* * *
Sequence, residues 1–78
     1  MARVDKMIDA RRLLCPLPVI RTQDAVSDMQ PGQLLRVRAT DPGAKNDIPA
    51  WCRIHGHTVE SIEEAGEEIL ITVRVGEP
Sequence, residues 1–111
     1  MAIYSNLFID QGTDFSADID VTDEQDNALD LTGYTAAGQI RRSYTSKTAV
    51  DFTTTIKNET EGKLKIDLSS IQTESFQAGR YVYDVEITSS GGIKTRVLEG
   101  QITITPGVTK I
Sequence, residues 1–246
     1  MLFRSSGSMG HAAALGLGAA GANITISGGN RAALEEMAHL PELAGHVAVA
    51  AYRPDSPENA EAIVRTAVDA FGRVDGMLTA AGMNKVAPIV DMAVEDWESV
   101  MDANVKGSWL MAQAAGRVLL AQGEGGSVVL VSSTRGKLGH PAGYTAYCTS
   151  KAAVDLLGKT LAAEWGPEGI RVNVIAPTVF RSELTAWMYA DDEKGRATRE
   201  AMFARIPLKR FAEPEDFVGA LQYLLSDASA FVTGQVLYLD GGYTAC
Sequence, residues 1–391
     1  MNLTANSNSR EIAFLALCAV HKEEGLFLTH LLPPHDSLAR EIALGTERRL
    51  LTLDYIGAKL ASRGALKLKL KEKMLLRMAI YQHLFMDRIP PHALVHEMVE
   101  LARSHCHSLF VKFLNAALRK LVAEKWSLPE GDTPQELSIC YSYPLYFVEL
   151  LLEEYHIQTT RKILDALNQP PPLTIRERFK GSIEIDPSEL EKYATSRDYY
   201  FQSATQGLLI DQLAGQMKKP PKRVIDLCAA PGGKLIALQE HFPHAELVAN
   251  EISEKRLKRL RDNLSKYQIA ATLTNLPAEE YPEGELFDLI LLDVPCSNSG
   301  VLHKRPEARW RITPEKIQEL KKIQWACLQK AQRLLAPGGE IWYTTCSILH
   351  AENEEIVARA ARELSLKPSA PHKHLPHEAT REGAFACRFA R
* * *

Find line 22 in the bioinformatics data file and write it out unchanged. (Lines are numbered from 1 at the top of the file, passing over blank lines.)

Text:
   351  AENEEIVARA ARELSLKPSA PHKHLPHEAT REGAFACRFA R